Hey South Jersey, while you were dealing with flooded houses, a lack of power and impassible roads, your governor was keeping warm on a chartered flight in route to a party to root on the New England Patriots.
Residents of Stone Harbor and Sea Isle City would call that a farce. He called it leadership.
Speaking to CNN’s Jake Tapper on Sunday, Christie said New Jersey residents “saw yesterday what strong, effective leadership can do for a state in the midst of a crisis.”
“When the chips are down, I deliver,” Christie said with a straight face, on national television, just before hopping on a private plane to appear at a town hall in New Hampshire before watching the big game at the home of activist Ellen Christo.
In a hurry to make a New Hampshire campaign event at 12:30 p.m. on Sunday, Christie even replaced his traditional storm fleece (this time a University of Delaware variant) with a suit and tie during his post-storm briefing at 10 a.m. “No questions? I’m outta’ here,” a beaming Christie joked as he bolted the state, something residents have become accustomed to.
Christie’s campaign-first, New Jersey second mindset became apparent on Thursday. With a historic winter storm barreling down on the Garden State, and fears that high tides would wreak havoc on many Shore towns, Christie said he didn’t plan on leaving the campaign trail in New Hampshire to return to New Jersey.
“If I feel like it’s necessary for me to get down there, I will, but I’m not driving a plow truck, OK?” Christie flippantly said to a WMUR reporter at a campaign event, seemingly annoyed the question was even asked.
Keep in mind that Christie has been (rightly) attacking Sen. Marco Rubio’s voting attendance record in Congress, and was harshly criticized for remaining on a Disney World vacation in 2010 while most of the state was digging out of a massive snow storm.
So Friday morning, after being shamed by the very residents that elected him, Christie changed his mind and drove back to New Jersey, a welcome change for a governor who has spent more than half his second term out of state.
With the storm delivering a severe blow to residents along the shore, Christie had the opportunity to be the inspirational leader he was during Superstorm Sandy in 2012 and perhaps recapture some of the support years of post-Sandy failures have cost him.
Instead, in the middle of a state of emergency, Christie bashed “selfish” Shore homeowners dealing with ice and flooding for blocking the building of protective dunes. It’s a complicated issue, and in some cases I agree with Christie’s opinion, but browbeating towns in the middle of a historic storm isn’t leadership – it’s politics, and really has no place during an emergency briefing.
As if that wasn’t bad enough, Christie downplayed the flooding seen in towns along the Shore as minor to moderate, despite the fact the storm surge in North Wildwood was nearly a foot higher than during Sandy. From Sea Isle City to Cape May, there was significant flooding, and at one point 40,000 people were without power as residents were battered by a combination of wind, snow and bitter cold.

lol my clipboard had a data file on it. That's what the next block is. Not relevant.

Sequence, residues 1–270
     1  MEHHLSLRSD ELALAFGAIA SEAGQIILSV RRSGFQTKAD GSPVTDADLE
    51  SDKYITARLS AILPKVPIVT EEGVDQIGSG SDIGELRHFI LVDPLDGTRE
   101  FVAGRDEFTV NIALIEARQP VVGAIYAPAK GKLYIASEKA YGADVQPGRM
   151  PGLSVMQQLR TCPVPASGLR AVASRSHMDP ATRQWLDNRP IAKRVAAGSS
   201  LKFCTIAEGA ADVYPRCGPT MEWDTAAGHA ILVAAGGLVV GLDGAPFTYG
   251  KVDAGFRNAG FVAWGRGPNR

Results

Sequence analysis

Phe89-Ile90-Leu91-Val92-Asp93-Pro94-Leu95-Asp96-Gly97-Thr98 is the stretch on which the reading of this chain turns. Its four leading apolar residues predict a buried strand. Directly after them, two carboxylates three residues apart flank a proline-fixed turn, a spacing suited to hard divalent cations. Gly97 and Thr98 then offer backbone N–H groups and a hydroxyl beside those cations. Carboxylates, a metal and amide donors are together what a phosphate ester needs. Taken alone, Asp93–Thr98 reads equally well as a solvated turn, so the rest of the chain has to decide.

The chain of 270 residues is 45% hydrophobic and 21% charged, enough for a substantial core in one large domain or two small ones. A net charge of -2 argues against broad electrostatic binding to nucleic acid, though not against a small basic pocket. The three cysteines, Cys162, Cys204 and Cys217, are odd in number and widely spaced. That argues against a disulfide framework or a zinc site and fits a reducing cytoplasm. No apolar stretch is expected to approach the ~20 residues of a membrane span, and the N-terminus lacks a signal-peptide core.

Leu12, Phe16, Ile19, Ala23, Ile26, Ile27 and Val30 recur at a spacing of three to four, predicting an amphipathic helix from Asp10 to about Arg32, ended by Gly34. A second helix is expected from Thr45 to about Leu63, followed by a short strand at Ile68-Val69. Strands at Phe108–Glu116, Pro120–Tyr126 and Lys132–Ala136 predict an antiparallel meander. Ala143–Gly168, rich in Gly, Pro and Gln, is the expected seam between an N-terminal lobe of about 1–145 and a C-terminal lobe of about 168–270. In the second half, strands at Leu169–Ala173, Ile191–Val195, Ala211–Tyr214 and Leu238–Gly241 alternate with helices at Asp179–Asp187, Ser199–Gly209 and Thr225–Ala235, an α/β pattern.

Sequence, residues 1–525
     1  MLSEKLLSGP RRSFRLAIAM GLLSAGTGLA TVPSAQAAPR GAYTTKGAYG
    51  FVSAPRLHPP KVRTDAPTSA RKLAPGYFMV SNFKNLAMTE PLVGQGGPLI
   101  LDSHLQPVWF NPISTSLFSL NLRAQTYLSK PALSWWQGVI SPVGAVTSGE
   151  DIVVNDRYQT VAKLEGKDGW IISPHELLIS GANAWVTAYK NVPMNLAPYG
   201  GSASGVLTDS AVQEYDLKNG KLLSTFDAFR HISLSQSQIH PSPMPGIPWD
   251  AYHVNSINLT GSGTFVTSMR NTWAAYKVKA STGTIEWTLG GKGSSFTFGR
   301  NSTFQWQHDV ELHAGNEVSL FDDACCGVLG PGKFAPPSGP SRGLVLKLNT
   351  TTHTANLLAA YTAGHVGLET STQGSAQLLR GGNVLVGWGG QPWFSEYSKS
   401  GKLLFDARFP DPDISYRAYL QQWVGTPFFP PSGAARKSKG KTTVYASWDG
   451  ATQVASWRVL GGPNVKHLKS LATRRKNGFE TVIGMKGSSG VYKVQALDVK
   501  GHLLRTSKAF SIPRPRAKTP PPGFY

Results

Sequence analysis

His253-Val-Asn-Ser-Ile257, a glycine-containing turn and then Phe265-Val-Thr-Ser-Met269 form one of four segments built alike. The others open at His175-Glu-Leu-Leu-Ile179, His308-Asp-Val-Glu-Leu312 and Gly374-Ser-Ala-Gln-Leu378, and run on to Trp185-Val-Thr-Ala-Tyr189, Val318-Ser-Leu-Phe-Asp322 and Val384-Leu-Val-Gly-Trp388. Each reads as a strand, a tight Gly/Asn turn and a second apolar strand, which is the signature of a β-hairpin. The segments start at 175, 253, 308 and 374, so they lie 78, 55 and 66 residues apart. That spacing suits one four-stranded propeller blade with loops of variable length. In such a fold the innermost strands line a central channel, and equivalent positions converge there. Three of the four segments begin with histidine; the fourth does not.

“We’ve really done very very well in this storm, and we have no concerns about damage or damage from flooding anytime soon,” Christie told CNN before hoping on his plane back to New Hampshire.
“I was in my waders in three feet of water and my friend is saying Gov. Christie is on TV saying it’s not that bad,” Maggie Day told The Philadelphia Inquirer. Day is the owner of Nesting children’s boutique in Stone Harbor, whose home and shop sustained damage from flood waters similar to during Sandy. “Oh yeah? Gov. Christie should come down here and get in his fishing waders and live my life.”
Jersey Shore Hurricane News reported that high tide at Stone Harbor’s Great Channel reached 10.52 feet, a foot higher than the 9.3 foot record set during Sandy. And Cape May County sustained a storm surge greater than 5 feet, leading to flooding and property damage worse that it saw during Sandy.
“Objectively, I can say that’s a ‘big deal,'” wrote JSHN’s editor Justin Auciello.
So to recap, Christie reluctantly abandoned his presidential campaign and marched back to New Jersey like a petulant child being told to clean his room. After insulting thousands of residents during the height of a record-setting storm, he downplayed their dire situation and abandoned them, but not before patting himself on the back in front of a national television audience.
“Whether it’s an impending storm or whether it’s the scourge of radical Islamic jihadist terrorism, you have to make people be safe and secure,” Christie said during his Sunday afternoon town hall in Portsmouth, N.H.
He calls himself a leader. I call him a fraud. Looks like his poll numbers agree with me.
Rob Tornoe is a cartoonist and WHYY contributor. Follow Rob on Twitter @RobTornoe